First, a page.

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Saxton Reads! & Reviews

We invite the public to post reviews to our catalog by logging into our online catalog. Reviews will then be posted to this blog. Comments can be added to existing posts or may be added as separate reviews on our catalog
NOVEMBER 24, 2008
Salvation in death ~ J.D. Robb

****bas bleu 
27 and Still Going Strong

I think of the books in the J.D. Robb "In Death" series like I think of chocolate truffles: absolutely addicting. Once I finish reading one, I impatiently wait for the next one to be published. Although Robb is a prolific author, her books cannot come quickly enough for her fans. In this 27th book of the series, Robb (a.k.a. Nora Roberts) does not fail to deliver. The setting of the novel, 50 years into the future, depicts a very realistic New York City. Eve Dallas is a tough, hard-boiled police lieutenant who is married to Roarke, possibly the wealthiest and sexiest man in the world. The dynamics between these two characters, as well as the interplay with the supporting characters, is what keeps Robb's fans coming back for more and more. This time around, Eve clashes with the Catholic Church when she investigates the death of a priest who was poisoned via the sacrament during a funeral mass. Entertainment Weekly refers to this series as "Law and Order:SVU-in the future." Like the TV series, each book reveals more nuances of the main and supporting characters. One criticism of this novel might be the brief mention of the supporting characters. I missed the interplay between Eve and Summerset, the antics of Galahad (Eve and Roarke's self-indulgent cat), Mavis, Nadine, and all of the "girlie" things (such as thinking about clothes, shoes, hair, and makeup) that push Eve to the limit. The plot of Salvation in Death was more linear than Robb's previous novels, with less of the by-play and subplots that readers have come to anticipate. Nonetheless, I am eagerly awaiting Robb's next release, when in addition to the mystery and suspense, we will hopefully be entertained by Louise's upcoming bachelorette/bridal shower; Mavis's outrageous hair, makeup, and clothes; and, as always, the sizzle of Eve and Roarke's relationship.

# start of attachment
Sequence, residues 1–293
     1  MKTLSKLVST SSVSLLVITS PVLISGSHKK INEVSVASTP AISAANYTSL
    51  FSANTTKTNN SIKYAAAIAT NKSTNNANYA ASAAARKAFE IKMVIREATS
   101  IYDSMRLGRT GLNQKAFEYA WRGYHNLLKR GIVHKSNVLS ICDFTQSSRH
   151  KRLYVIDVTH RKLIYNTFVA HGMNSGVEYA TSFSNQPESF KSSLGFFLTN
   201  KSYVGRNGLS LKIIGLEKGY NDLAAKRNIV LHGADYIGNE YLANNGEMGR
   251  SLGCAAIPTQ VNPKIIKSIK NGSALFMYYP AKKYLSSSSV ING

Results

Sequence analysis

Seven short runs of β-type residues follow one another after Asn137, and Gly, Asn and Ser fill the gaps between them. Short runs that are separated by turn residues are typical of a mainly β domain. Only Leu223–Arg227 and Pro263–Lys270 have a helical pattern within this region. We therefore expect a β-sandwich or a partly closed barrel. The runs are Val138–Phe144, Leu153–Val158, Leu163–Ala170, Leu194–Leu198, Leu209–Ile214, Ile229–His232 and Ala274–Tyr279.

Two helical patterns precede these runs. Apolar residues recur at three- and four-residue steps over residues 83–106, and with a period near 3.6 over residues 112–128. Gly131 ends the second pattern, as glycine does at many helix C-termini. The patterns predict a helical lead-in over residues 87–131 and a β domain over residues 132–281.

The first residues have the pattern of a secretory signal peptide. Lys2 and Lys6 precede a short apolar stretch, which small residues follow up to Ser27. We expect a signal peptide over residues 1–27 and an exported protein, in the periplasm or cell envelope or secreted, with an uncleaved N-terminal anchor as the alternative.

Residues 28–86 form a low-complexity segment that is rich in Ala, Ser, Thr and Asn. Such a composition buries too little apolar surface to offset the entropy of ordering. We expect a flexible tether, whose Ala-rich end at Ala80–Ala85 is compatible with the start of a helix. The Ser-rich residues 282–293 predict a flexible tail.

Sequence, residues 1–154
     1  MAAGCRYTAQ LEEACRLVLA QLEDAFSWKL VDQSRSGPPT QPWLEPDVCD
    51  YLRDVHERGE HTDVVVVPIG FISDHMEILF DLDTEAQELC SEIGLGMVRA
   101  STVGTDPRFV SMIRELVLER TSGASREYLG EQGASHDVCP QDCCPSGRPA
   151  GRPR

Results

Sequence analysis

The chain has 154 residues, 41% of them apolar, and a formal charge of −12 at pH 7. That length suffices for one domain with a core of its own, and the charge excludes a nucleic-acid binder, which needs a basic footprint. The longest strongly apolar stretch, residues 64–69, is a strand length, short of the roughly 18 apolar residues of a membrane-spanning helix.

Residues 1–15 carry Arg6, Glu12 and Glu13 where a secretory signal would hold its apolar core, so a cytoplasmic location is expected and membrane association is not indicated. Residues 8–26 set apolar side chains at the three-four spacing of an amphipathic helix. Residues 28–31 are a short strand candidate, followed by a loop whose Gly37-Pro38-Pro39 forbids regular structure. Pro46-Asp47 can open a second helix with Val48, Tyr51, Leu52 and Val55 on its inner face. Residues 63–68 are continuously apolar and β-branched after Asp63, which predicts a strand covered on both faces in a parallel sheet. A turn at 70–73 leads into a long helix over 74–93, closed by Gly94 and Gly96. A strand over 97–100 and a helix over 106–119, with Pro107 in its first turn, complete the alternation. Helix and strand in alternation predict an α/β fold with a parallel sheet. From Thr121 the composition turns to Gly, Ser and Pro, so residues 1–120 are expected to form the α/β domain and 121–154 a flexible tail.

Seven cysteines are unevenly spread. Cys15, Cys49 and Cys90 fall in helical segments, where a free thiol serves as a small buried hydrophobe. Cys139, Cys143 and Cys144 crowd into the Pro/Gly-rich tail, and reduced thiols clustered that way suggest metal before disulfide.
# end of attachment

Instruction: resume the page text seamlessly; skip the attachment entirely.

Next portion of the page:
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NOVEMBER 17, 2008
Tis" the Season ~ Lorna Landvik

*bas bleu - Lorna Landvik Light

I loved all of Lorna Landvik's previous books and thought that many of them should have been made into movies. In fact, I had the entire cast selected for Patty Jane's House of Curl!
I hesitate to even refer to 'Tis the Season as a novel; it is perhaps a novella at best. Landvik was not successful with the book's format, which is written as a series of emails between and among the characters. The plot is clumsy and trite (think National Enquirer headlines in the grocery store checkout lines), and the characters are so undeveloped that the reader has a difficult time seeing them as anything more than cardboard cutouts.
Having recently read The Guernsey Literary and Potato Peel Pie Society, perhaps my expectations were too high. I found that book charming and engaging, with its well-developed characters and format of exchanged letters.
I call 'Tis the Season "Lorna Landvik Light." If you are a true fan of the author, spare yourself the disappointment of reading this book.

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NOVEMBER 12, 2008
Paradise City ~ Lorenzo Carcaterra


I wasn't quite certain what I wanted to read in between this month's book discussions. I was browsing through our stacks when I came across Lorenzo Carcaterra. I have read two of his books and found his non-fiction book Sleepers, fascinating. So I picked up Paradise City and read it in two days. It's an easy read, fast paced, great dialog, interesting characters. Given this, I still can't give it more than a 3 star rating as the plot is a bit thin, the ending, a bit unrealistic, and what starts as a fun ride becomes sappy. And yet, the story was still fun. Who wouldn't love reading about a crime family to rival the mafia. The main character, Lo Manto is a Naples cop who lives life and savors good Italian cooking, both with gusto. He's a thorn in the side of The Camorra (they're real), an organized crime family with a presence in Italy and New York. The Camorra have been hit hard by Lo Manto's interference and lure him to New York to take him out by kidnapping his niece. On his arrival he's teamed with a tough female cop, Jennifer Fabini, who is like no woman Lo Manto has ever been partnered. Two characters I wished would have been more fleshed out were a young, homeless teen named Felipe (maybe another story?), and an english bulldog with bite, owned by an old blind man. Lots of action, bullets flying, street talk, nasty guys, over the top violence and a saga of revenge and justice. Carcaterra has written for Law and Order and knows the streets of New York. I think I'll try his Apaches, about New York city cops on the take. The soon to be released, Chasers is a follow-up to Apaches.

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